Locals urge Monticello to lift pit bull ban

Tanner was a pit bull pup housed at the AWF shelter in Monticello last year. Due to the City of Monticello’s pit bull ban, the shelter has trouble finding the right owners to adopt pit bulls. (Photos submitted)

Jo Provencher is the owner of a pit bull named Lucky. The family resides outside of city limits because their dog is banned from Monticello. Provencher’s daughter, Echo, is seen here with Lucky at home. She said the two are the best of friends.
Kim Brooks
Express Editor

     “There are more good dogs than bad, just like people. We cannot target one group (of dogs) because people place a label on them.”

     Those words were shared by Jo Provencher, a former resident of Monticello who now resides outside city limits because her family’s pit bull, Lucky, is banned from residing in the City of Monticello. Her family moved outside of the city eight years ago.

     “We had a fenced-in yard and couldn’t walk our dog around the neighborhood,” she said.

     Provencher, Sarah Iben, and Whitney Boysen recently spoke to the Express about why they feel the city’s pit bull ban should be abolished, and the misconceptions about the breed, which often times comes with negative stereotypes.

     To help move their efforts along, an online petition was created in mid-May at thepetitionsite.com (“Lift ban against pit bulls in Monticello, IA”). As of June 11, they secured 592 signatures (508 in Iowa alone), with a goal of 1,000.

     “People just keep sharing and sharing it,” said Boysen.

     There is also a Facebook page “Monticello Breed Ban Lift” to help raise awareness and gain support. Provencher said she plans to bring her fight to the Monticello City Council once they have their ducks in a row.

     It wasn’t until the City of Anamosa lifted their pit bull ban in March. It was that action, with so many people getting behind it, including the Animal Welfare Friends in Monticello, that prompted Provencher to pursue the same results in Monticello.

     While Monticello only bans pit bulls, Iben said that doesn’t mean other breeds could be banned in the future.

     “That could change,” she said.

     “Pit bulls are the only ones being discriminated against right now,” added Boysen.

     In late May, Provencher and the AWF were featured on KCRG for the same reason, lifting the Monticello pit bull ban. She said that segment opened up a can of worms, with so many people reaching out to assist in their efforts.

     It also spurred a lot of hate mail/messages from the other side. Provencher said she was contacted by dogsbite.org as a scare tactic, saying pit bulls deserve to be banned.

     “Groups like this are sharing nothing but bad statistics,” said Boysen.

     Ten years ago, a group of pro-pit bulls tried lifting the ban in Monticello, though they were unsuccessful. With a different make-up of the city council, Provencher said they would try again.

     “We didn’t have enough people to stand behind us,” Boysen said at the time.

     Provencher said she was contacted by a member of the city council, though chose not to reveal the name. Despite having a petition, she was told it wouldn’t hold any weight with the council unless it was signed by strictly Monticello residents.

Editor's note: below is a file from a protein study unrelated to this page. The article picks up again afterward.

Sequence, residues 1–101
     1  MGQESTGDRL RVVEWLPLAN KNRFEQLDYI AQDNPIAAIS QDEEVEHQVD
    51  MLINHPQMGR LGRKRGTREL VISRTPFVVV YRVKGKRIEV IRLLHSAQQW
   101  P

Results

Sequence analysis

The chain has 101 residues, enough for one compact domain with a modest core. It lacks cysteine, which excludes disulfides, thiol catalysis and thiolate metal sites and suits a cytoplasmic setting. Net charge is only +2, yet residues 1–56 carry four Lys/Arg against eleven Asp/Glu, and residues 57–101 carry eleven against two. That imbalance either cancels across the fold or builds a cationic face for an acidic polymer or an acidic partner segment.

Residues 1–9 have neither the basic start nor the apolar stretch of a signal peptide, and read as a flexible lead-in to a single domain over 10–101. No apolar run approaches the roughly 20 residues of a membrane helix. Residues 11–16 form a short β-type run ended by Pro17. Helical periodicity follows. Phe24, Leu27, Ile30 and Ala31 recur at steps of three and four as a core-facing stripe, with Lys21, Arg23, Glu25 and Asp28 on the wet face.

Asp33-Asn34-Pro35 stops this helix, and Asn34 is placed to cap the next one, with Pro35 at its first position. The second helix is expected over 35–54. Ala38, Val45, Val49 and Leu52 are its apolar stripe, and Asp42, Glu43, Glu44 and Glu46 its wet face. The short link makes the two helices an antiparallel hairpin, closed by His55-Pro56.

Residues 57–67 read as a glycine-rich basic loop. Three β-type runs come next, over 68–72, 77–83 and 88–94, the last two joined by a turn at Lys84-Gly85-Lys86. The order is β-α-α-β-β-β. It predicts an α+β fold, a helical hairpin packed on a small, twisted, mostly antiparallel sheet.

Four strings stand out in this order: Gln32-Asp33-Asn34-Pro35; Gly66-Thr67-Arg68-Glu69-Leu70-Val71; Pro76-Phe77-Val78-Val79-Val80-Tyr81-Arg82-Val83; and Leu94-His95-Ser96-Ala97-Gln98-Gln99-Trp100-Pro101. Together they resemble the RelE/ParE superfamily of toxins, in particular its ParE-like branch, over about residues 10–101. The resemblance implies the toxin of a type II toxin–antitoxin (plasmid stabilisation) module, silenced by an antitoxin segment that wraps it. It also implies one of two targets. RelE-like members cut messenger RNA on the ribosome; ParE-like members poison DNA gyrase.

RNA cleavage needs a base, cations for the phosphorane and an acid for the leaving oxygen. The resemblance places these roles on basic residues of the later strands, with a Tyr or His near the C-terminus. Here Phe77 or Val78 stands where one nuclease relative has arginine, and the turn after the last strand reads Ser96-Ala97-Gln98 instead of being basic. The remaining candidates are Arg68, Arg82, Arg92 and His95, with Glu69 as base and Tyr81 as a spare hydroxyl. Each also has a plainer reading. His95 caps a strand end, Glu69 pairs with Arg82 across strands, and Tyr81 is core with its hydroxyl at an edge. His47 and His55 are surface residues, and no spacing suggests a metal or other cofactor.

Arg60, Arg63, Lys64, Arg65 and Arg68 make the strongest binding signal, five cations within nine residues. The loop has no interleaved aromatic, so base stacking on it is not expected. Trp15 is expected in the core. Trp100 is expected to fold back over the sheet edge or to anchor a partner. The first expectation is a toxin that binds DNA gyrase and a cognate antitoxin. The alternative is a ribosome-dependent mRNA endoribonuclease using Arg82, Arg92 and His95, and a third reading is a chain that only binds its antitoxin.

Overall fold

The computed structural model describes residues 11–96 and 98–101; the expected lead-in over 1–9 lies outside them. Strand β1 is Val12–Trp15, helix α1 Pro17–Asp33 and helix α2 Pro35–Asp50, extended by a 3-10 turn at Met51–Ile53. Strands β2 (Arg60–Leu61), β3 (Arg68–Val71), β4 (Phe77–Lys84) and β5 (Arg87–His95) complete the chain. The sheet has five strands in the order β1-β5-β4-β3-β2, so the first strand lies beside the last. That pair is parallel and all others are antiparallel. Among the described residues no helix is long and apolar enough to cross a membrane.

“We are still moving forward,” she said.

     The gals are also working on securing statement from animal experts to share with the council.

     “We want people with a professional background to get behind us,” said Provencher. “We need them to stand with us to get the ban lifted.”

     The AWF shelter does take in stray/unwanted pit bulls; however, they are having a hard time adopting those dogs out due to Monticello’s ban.

     “Last year they had a pit bull pup in the shelter and my mom (a volunteer of the shelter) was devastated she couldn’t bring it home because of the ban,” shared Iben. “It’s very hard to adopt them out.”

     Boysen said what many people don’t understand is that there are many breeds that make up a pit bull, as well as several pit bull mixes. “Because it looks like a pit bull, that’s enough to consider a ban,” she said.

     “Even if it’s 1 percent pit bull, it’s banned,” added Provencher.

     Iben said society tends to blame the entire breed if something bad happens, rather than the dog itself or the owner. She said it’s like classifying one human race as being worse than another.

     “We’re all people,” said Iben.

     Provencher said it seems as though an entire city has its mind made up about pit bulls. “You need to experience them for yourself,” she said of making up one’s mind.

     Provencher said pit bulls are known to be loyal to their owners, devoted dogs. They’re known for their strength, and can be trained just like any other dog.

     “They’re very intelligent,” she said.

     As for whether a pit bull’s behavior can be attributed to its owner or the breed, Boysen said it’s 50/50.

     “It’s not just the owners,” she said. “It could be the nature of the day.” She said even people have bad days.

     “Every animal has a different personality,” Provencher said.

     She said there are a lot of good pit bulls owners out there, and “the city just needs to have more faith in its citizens” when it comes to owning a decent dog.

     Boysen added it comes down to be uneducated about a certain breed. “If there’s a problem, they need to take action with the owner, not the breed,” she said.

     Provencher said people tend to only pay attention to the negative facts, and become brainwashed. “There are a ton of good stories out there, too,” she urged.

     That’s the reason for the Facebook page (Monticello Breed Ban Lift), which encourages people to share information, stories and photos of their pit bulls.

     The group is also selling pit bull decals and stickers online at Etsy for $4 to help in their pit bull ban fight.


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